by Chief Science Officer of Autism Speaks, Geraldine Dawson, Ph.D.
I often get the question: How is the research we are funding on single gene disorders, such as Fragile X, relevant to the larger population of individuals with ASD? My answer is that, although autism has many different causes – including single gene mutations, multiple genetic factors, and even environmental factors – it is likely that these causes affect common underlying biological pathways. By studying the “simpler” single gene disorders, especially by studying animal models of these disorders, we can discover these pathways and develop medications that hopefully can help restore the functioning of these pathways.
As you will see in the press release, this strategy is being implemented by Seaside Therapeutics. With the help of funding from Autism Speaks and NIH, Mark Bear and other scientists developed an animal model for Fragile X and discovered that glutamate, an excitatory neurotransmitter, is affected by the Fragile X mutation. An overabundance of glutamate is interfering with the ability of neurons to communicate with each other (synaptic functioning). SeasideTherapeutics then tested a medicine, STX209 (arbaclofen), which helps to restore normal synaptic functioning, in a clinical trial with people with Fragile X. They found encouraging results! The next step, which was launched yesterday, is to test the efficacy of STX209 in individuals with ASD. The hope is that this medicine will improve social behavior and reduce irritability (e.g. aggression, tantrums) in people with ASD.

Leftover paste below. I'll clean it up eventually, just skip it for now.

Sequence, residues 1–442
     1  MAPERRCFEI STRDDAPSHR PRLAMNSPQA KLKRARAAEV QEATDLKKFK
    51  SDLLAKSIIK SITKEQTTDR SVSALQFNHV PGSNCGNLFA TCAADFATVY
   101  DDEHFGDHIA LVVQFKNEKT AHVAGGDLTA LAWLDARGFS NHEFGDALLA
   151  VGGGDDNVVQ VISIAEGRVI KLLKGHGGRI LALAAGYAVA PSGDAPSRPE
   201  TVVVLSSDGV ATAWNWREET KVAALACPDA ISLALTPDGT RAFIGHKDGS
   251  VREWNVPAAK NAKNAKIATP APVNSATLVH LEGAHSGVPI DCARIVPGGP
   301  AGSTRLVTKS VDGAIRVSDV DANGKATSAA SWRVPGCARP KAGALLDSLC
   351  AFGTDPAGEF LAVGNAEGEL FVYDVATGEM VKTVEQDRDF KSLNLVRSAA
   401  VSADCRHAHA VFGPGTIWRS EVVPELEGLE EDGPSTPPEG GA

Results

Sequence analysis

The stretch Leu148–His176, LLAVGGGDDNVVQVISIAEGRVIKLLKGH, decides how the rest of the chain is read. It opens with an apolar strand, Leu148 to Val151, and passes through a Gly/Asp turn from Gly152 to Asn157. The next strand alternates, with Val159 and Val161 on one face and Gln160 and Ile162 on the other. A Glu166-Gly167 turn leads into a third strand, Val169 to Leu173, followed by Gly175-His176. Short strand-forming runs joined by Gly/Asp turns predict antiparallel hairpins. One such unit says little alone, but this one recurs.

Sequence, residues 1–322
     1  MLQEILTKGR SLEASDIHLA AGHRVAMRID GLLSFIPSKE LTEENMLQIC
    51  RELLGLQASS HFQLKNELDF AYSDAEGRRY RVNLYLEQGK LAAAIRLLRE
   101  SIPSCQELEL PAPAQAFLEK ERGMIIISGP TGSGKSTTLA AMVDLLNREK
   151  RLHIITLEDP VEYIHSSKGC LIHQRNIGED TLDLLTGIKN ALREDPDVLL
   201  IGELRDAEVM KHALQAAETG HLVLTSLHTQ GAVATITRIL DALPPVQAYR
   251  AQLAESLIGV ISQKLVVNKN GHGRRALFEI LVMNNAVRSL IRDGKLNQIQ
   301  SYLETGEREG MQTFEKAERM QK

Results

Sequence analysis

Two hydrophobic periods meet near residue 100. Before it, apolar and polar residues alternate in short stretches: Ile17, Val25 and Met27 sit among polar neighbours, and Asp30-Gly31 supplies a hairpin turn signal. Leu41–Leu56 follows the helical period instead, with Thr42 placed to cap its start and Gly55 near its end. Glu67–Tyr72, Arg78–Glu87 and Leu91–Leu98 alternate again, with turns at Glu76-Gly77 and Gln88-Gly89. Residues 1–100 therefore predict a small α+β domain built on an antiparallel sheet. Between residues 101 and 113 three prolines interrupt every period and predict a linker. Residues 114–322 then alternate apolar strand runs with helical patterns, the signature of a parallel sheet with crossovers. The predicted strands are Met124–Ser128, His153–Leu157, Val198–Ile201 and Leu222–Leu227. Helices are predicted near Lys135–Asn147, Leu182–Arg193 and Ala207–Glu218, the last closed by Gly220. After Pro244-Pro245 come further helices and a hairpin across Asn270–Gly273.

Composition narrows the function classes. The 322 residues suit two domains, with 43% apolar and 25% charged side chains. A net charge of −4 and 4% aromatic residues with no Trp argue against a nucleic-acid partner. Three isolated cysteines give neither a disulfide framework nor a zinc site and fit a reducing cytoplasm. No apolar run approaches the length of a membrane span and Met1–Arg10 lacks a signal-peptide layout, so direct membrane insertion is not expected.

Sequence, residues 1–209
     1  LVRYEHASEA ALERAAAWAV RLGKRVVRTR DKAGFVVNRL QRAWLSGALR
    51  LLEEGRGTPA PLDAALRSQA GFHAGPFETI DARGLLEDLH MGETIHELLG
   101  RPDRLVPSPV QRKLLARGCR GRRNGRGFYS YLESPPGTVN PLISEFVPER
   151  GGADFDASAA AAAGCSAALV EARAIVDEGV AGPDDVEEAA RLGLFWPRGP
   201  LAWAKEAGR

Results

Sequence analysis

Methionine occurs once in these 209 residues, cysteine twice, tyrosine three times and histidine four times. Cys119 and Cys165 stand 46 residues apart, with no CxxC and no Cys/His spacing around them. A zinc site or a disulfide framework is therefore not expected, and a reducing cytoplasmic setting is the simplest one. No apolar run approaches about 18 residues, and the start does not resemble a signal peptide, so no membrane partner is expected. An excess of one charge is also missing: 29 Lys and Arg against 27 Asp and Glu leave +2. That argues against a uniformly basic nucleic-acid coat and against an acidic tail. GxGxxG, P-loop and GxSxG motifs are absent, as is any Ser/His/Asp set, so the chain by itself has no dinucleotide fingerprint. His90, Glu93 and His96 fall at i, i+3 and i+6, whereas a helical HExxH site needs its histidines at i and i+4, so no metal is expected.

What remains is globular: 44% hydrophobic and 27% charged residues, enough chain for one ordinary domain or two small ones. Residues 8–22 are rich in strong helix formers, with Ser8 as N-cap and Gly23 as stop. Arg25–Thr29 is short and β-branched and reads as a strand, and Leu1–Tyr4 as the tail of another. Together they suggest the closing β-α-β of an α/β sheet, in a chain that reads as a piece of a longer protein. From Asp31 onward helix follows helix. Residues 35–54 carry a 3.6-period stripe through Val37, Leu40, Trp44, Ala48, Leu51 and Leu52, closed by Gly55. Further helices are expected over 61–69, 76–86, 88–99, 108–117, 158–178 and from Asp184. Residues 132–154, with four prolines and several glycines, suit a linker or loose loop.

In the press release Randall L. Carpenter, M.D., President and Chief Executive Officer of Seaside Therapeutics says, “In our open-label Phase 2a study of STX209, we observed significant improvements in social impairment—a core symptom of autism spectrum disorders—including symptoms such as preference to be alone, being withdrawn or isolated, and lack of social reactivity. We are spearheading late-stage development of a drug candidate that has the potential to change the treatment paradigm for autism spectrum disorders—addressing core symptoms—and are truly excited about the prospect of helping patients and their families achieve an improved quality of life.”
Arbaclofen acts by stimulating the release of GABA in the brain. To make an simplified analogy, if we think of glutamate as the accelerator pedal in brain, then GABA is the brake pedal. By reducing glutamate through stimulating GABA receptors, the first clinical trial with people who have Fragile X syndrome demonstrated positive effects on behavior.
In Phase 2b of the trial, 25 sites will conduct a randomized, placebo-controlled trial of arbaclofen, enrolling 150 people with ASD for a total duration of treatment of 12 weeks. For more information about the clinical trial visit www.clinicaltrials.gov .
We will be sure to keep you informed as this study and other translational research progresses!
As many parents know, there currently are no available medical treatments for ASD targeting core autism symptoms. Available medications target symptoms associated with ASD, such as hyperactivity, irritability, anxiety, or depression. Although the available medicines have helped many who struggle with the challenge of these symptoms, these drugs do not address the difficulties in the areas of social and communication deficits or repetitive behaviors and restricted interests.
Recently, hope has recently been kindled in a new drug for ASD that developed out of basic research on the neural mechanisms of Fragile X syndrome. Back in 2005 research in Dr. Mark Bear’s lab at Harvard showed the Fragile X mutation affects communication between neurons. Specifically, the mutation results in an excess of an excitatory neurotransmitter called glutamate, which impairs communication between neurons by making them over-stimulated. Seeing the potential to help families, a small company called Seaside Therapeutics was started to see if certain drugs could help reduce the level of excitability of neurons.